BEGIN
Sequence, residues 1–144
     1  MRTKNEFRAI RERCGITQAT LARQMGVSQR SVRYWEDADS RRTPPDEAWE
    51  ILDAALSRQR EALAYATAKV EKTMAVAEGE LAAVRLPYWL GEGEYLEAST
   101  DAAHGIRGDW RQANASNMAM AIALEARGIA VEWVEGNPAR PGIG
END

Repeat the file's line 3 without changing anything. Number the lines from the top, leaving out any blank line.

    51  ILDAALSRQR EALAYATAKV EKTMAVAEGE LAAVRLPYWL GEGEYLEAST